The two Portal games are memorable for their clever physics puzzles, funny writing that's been run into the ground by Internet memes, a cooperative campaign that ruins friendships, and a popular female protagonist who doesn't serve as eye candy. That last one isn't as unusual these days as it once was, but we think Portal goes deeper into feminism than you probably realize.
Amidst the killer robots and hyper-masculine scientists is a clever exploration of a woman's struggle in a male-dominated culture, and we're not just saying that because your only weapon is a gun that shoots vagina metaphors. If you think we're reading too much into it, well, give us a chance to make our case:
The Female Main Character Is a Blank Slate (In a Good Way)
Right away, Portal doesn't make a big deal about the fact that you're playing as a woman. And that, oddly enough, is a big deal. Hey, remember that Jurassic Park game where you could look down at your own tits?
"Dude, I bet women do this, like, all the time!"
As we've mentioned before, there's a reason so many action/fantasy heroes seem to be devoid of personality. It's not bad writing, or a mistake -- Han Solo is cooler than Luke Skywalker because the latter isn't supposed to have a personality. Neither is Frodo. And it's for the same reason Mario, Half Life's Gordon Freeman, and Skyrim's Dragonborn are all silent protagonists with hardly any character traits of their own: They are blank slates onto which the player/audience project themselves. They're you. That's why the wooden and befuddled Keanu Reeves was so perfect as Neo -- he's the stand-in for the audience, the "everyman" character we can all relate to. It's a storytelling technique that's literally older than written words.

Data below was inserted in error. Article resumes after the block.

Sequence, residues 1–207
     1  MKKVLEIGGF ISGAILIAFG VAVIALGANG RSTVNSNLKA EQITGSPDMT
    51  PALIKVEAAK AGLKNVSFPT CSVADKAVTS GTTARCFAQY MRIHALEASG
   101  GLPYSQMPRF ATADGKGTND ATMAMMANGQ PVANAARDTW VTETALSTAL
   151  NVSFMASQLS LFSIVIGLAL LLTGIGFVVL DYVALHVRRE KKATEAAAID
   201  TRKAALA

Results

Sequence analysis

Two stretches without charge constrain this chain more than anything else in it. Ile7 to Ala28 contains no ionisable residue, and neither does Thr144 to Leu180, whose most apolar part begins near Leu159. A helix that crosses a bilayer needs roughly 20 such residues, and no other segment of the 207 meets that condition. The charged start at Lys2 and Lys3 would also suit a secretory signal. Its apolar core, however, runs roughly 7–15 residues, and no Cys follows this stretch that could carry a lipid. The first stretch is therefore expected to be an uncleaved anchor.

But it is very rare for that "everyman" character to be a woman.
And even rarer for it to be an appropriately dressed woman.
Sure, Metroid's Samus was a silent character, but her gender was originally used as a plot twist for shock value ("Surprise! All of these heroic things were done by a woman! And if you beat the game a second time, you can see her in a bikini!"). Other games are all about calling attention to it, even if it's a strong character -- in Bayonetta, you're a flamboyant, trash-talking sex goddess who gets naked in mid-battle. Lara Croft's original design was entirely about the boobs.